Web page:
Early intervention using bronchoscopy may play a key role in chronic bronchitis.

Bronchoscopy Procedure

Would Early Intervention Help Chronic Bronchitis Patients?

“Further research should investigate whether nonobstructive chronic bronchitis may benefit from early therapeutic intervention."

Both current and former smokers who suffer from bronchitis have a greater risk of death than non-smokers, but more study is needed to determine whether early intervention can help, according to a new data analysis.

“Nonobstructive chronic bronchitis in smokers may reflect a different type of chronic lung disease than chronic obstructive pulmonary disease (COPD) or may precede COPD diagnosis,” write Dr. Spyridon Fortis and others in the new analysis.

Chronic bronchitis is long-term inflammation of the bronchi, which is common among smokers. People with chronic bronchitis tend to get lung infections more easily. They also have episodes of acute bronchitis when symptoms are worse.

People with chronic bronchitis have COPD, according to Johns Hopkins Medicine. The terms are often used synonymously.

“Further research should investigate whether nonobstructive chronic bronchitis may benefit from early therapeutic intervention,” write Fortis and his co-authors.

Bronchoscopy is one intervention used in the treatment of severe COPD.

“Bronchoscopic interventions to treat severe COPD have made great progress over the last decade offering benefit to patients with few treatment options available,” write Dr. Robert F. Browning and others in the Journal of Thoracic Disease.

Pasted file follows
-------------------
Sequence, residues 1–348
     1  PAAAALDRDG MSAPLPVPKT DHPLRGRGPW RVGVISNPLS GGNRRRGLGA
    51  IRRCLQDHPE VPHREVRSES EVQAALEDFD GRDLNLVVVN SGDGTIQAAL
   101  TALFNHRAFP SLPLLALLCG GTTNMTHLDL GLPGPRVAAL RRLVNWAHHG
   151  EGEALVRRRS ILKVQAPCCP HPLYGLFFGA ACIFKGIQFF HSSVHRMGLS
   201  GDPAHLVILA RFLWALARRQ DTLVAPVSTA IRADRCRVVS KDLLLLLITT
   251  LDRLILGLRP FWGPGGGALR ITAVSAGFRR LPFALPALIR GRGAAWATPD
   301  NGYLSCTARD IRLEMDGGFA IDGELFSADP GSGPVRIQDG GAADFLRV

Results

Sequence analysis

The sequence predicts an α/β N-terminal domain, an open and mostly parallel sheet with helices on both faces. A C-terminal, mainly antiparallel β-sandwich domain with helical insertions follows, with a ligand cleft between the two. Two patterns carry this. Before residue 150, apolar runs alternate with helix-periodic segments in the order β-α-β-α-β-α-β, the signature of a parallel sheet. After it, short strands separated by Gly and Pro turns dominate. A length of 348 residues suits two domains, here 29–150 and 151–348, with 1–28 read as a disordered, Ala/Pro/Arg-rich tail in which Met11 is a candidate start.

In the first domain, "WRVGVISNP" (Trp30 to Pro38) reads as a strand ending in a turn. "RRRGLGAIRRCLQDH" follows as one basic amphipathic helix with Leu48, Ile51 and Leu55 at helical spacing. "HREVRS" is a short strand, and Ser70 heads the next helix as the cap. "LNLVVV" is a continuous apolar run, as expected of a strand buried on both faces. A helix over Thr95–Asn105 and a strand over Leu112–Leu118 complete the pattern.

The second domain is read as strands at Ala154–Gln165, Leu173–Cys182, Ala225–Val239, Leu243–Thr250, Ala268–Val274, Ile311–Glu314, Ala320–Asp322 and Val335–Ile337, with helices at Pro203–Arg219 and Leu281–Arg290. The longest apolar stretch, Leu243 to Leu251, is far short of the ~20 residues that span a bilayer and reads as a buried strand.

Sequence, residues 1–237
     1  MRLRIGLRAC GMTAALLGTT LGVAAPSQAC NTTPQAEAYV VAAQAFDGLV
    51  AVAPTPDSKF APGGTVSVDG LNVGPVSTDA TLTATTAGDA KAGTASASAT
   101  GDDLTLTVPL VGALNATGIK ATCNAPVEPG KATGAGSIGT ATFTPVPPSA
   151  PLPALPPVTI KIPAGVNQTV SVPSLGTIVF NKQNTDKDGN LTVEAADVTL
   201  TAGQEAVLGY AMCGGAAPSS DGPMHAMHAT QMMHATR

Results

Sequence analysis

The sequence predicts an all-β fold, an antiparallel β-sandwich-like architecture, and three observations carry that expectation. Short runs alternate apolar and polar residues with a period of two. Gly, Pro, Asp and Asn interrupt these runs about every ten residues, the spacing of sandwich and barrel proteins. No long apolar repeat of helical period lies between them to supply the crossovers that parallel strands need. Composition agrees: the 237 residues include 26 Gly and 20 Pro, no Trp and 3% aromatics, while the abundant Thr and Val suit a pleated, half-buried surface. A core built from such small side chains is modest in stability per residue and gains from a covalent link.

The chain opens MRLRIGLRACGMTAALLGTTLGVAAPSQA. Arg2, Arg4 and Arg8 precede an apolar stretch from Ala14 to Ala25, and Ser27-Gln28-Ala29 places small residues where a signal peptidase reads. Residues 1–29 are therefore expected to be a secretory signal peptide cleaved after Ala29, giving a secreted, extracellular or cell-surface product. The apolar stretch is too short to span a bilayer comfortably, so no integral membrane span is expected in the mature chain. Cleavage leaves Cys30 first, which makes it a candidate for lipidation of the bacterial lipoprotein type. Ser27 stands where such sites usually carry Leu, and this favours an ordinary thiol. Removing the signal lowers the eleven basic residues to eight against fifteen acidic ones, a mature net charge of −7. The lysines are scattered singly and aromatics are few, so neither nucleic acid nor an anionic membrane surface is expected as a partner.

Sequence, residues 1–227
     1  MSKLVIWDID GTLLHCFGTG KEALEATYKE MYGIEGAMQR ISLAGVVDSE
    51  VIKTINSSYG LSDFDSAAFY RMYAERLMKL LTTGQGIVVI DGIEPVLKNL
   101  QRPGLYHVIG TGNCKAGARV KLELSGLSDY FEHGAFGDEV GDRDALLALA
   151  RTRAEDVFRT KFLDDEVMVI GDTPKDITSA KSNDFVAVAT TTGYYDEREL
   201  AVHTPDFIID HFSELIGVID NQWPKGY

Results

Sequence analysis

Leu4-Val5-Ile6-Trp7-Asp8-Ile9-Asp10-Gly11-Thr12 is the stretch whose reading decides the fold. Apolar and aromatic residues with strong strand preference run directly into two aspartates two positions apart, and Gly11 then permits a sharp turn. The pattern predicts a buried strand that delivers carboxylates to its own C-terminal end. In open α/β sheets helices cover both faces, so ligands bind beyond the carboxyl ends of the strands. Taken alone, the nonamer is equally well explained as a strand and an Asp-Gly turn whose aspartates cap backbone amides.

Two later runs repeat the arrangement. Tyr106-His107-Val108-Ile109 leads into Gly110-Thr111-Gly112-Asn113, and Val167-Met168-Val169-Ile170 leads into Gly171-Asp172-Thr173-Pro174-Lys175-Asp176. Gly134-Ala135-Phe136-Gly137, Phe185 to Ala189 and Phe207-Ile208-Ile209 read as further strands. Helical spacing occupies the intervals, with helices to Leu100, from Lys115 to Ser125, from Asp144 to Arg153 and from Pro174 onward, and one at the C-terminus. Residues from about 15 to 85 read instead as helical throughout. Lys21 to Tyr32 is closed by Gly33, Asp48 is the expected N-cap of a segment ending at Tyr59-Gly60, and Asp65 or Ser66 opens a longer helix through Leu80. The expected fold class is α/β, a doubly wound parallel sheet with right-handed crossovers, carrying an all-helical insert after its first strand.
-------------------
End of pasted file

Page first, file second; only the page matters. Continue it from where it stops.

COPD On the Rise

The World Health Organization (WHO) identifies COPD as the third-leading cause of death worldwide, with 80 percent of those cases occurring in low- and middle-income countries.

COPD also shows up as the third-leading cause of death in the U.S. where more than 16.4 million people have been diagnosed with COPD, according to the American Lung Association.

As baby boomers age, the numbers of people suffering from COPD is on the rise. Those increasing numbers are expanding the roles of respiratory therapists who treat those patients to include work as COPD navigators. They help patients who have become caught up in a cycle of  trips to the hospital and back home.

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